The American Physical Society Bridge Program (APS-BP) is an effort to increase the number of physics PhDs awarded to underrepresented minority (URM) students, defined by the project as African Americans, Hispanic Americans and Native Americans. The APS-BP has done this by creating sustainable transition (bridge) programs and a national network of doctoral granting institutions that provide substantial mentoring for students to successfully complete PhD programs.
Successful bridge programs share certain key elements, and exist within a supportive institutional context. These contextual and programmatic components build on one another to provide students with a complete educational experience, from admissions and induction to research and mentoring.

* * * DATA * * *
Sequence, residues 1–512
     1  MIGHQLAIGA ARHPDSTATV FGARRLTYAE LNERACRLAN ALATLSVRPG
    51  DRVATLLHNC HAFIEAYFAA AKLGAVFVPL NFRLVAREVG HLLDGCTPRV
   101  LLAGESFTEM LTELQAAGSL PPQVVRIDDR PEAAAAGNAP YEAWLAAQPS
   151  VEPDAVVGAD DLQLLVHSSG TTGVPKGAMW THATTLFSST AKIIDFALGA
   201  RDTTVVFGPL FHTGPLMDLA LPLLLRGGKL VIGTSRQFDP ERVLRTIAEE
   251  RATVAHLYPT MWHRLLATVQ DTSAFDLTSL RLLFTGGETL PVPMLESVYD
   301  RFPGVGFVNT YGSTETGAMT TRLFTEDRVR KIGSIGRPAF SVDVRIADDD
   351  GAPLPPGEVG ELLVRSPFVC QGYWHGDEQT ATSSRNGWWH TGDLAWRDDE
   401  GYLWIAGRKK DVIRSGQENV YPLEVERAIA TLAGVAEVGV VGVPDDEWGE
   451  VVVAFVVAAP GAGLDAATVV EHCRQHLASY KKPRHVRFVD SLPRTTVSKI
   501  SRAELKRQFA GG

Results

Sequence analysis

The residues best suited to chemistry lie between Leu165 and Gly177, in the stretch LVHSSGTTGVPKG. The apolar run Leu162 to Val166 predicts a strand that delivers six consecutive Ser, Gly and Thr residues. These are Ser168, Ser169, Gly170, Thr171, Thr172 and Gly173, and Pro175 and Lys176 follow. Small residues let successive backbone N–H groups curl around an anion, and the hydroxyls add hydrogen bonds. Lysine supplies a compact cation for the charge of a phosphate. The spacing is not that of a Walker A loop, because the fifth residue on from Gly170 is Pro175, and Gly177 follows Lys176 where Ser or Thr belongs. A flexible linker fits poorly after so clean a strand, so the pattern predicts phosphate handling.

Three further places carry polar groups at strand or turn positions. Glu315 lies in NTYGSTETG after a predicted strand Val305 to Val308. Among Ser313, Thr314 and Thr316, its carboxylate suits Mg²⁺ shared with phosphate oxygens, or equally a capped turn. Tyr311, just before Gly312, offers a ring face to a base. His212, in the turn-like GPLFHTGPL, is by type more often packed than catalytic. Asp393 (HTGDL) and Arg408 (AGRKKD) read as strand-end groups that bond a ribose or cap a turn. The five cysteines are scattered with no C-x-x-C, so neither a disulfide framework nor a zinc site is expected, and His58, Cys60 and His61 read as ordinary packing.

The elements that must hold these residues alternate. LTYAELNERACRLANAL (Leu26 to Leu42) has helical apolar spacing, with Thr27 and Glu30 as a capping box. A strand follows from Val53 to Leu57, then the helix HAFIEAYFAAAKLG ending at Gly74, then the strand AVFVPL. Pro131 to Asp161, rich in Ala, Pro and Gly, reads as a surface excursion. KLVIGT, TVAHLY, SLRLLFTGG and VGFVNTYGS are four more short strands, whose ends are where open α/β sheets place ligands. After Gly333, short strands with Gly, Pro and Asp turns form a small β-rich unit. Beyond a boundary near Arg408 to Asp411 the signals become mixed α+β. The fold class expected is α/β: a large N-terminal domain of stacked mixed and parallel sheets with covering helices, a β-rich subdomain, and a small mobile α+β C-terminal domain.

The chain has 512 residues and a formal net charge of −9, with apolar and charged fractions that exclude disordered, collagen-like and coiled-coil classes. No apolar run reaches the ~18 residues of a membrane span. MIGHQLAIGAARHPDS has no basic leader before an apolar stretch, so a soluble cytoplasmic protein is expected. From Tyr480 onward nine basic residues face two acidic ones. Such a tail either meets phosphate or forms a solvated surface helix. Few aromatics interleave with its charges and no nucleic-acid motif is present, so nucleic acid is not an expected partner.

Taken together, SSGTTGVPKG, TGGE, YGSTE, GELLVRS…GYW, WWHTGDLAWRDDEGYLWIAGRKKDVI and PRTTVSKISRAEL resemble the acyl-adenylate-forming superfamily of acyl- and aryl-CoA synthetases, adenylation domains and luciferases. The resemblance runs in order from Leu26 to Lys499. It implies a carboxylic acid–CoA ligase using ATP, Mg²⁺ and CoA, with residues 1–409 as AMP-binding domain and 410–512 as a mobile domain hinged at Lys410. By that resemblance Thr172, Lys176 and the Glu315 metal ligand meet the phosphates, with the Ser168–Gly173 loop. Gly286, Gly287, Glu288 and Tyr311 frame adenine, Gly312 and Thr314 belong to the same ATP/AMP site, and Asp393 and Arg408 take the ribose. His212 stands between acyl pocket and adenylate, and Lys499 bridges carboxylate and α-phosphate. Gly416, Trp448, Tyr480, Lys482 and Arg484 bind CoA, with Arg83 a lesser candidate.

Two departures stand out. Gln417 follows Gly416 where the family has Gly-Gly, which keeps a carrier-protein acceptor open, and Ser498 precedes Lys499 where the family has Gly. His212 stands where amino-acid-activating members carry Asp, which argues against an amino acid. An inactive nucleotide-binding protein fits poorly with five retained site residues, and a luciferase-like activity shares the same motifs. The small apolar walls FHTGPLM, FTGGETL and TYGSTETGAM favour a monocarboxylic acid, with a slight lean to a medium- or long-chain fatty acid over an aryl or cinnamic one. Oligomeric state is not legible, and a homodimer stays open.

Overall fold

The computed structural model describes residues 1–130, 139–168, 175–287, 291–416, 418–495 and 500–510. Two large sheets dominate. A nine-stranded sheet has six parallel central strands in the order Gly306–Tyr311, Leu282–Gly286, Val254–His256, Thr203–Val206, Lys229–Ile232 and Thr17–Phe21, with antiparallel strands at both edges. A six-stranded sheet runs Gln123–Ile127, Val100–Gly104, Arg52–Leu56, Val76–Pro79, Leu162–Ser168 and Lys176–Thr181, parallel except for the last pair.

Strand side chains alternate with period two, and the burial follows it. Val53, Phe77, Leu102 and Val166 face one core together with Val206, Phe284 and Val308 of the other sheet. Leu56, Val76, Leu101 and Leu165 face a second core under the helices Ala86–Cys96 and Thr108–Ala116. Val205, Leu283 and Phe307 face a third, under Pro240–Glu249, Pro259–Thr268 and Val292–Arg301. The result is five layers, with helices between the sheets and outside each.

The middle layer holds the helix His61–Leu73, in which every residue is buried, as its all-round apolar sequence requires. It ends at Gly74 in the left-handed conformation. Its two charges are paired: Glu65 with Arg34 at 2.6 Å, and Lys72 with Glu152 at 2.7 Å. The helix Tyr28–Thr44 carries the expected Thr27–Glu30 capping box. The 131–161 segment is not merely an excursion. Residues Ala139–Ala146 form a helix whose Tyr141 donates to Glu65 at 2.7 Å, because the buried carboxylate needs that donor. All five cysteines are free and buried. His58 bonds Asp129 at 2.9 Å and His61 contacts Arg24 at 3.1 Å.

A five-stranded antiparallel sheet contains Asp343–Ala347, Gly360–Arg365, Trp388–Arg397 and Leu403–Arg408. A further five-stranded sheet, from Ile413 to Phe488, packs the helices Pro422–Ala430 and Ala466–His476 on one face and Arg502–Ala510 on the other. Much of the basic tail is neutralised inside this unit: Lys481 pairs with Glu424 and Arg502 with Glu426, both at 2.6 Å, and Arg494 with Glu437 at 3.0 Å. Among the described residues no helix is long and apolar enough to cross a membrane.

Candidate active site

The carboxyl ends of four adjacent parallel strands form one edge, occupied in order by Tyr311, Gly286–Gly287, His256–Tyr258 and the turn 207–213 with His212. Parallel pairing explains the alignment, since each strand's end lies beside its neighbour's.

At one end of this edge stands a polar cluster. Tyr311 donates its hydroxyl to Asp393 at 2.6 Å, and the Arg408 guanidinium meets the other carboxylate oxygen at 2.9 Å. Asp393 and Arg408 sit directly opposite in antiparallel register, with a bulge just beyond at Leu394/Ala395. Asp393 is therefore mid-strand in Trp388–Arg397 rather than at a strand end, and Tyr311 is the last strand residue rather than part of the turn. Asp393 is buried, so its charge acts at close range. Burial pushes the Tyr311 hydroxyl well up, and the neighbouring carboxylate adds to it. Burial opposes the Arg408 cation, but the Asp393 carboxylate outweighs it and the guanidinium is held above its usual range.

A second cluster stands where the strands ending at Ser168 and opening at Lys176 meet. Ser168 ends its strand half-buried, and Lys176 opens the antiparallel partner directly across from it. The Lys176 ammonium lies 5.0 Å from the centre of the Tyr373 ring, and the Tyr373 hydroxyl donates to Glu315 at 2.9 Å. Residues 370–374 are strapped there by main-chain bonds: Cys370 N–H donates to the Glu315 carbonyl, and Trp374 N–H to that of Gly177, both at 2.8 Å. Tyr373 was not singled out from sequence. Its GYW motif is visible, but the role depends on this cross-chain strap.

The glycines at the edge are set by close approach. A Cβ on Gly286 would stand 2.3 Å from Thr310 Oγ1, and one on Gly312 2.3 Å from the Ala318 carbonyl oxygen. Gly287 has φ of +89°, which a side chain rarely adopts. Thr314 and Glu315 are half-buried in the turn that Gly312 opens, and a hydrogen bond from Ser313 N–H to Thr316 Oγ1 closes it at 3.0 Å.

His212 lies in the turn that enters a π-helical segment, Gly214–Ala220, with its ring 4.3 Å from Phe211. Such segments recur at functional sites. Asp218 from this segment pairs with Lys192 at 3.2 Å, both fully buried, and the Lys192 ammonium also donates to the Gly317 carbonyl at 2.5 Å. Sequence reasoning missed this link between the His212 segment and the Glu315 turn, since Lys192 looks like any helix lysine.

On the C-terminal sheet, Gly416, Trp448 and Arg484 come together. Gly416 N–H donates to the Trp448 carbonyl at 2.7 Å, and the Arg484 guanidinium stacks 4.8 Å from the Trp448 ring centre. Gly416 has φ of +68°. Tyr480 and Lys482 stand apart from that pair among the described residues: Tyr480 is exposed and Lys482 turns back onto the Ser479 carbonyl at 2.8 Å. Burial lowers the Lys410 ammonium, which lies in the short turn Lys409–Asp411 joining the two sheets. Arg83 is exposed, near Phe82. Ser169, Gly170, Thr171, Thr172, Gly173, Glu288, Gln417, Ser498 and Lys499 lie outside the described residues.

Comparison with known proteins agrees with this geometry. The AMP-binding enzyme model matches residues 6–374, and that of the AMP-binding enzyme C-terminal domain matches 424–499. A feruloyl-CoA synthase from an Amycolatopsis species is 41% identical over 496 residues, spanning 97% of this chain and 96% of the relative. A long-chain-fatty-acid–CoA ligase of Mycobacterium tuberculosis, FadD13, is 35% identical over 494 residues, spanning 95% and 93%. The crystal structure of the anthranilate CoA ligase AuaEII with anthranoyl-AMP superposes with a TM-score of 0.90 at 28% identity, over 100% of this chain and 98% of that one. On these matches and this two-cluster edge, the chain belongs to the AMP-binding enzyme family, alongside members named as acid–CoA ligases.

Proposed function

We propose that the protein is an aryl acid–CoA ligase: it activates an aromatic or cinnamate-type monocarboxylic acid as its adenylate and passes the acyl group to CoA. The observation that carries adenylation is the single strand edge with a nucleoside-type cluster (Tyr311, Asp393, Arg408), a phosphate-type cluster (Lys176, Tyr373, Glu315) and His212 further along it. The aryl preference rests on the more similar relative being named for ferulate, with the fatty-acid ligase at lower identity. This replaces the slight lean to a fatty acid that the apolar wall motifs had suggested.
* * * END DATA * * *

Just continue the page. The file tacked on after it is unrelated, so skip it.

The APS Bridge Program provides selected institutions with funding to build bridge programs and improve mentoring efforts.
APS Bridge Program membership is free and available to colleges, universities, national labs, non-profits, and educational organizations committed to improving diversity in the physics community. Membership Institutions do not receive direct funding, but benefit from:
APS organizes conferences and workshops addressing diversity in physics undergraduate and graduate education, including:
Universities and colleges committed to enhancing diversity in Physics and other faculty, postdoc, researcher, department head, and dean STEM positions can post jobs on www.AcademicCareers.com for a modest fee.
To learn more about the American Physical Society Bridge Program, see: https://www.apsbridgeprogram.org/about/
When inquiring or applying for positions in Physics, Astronomy, or applied sciences, please also reference AcademicCareers.com
Applicants with dual-career considerations can find university jobs such as professor jobs, dean jobs, chair / department head jobs, and other faculty jobs and employment opportunities in all functional and administrative areas at other institutions of higher education on www.AcademicCareers.com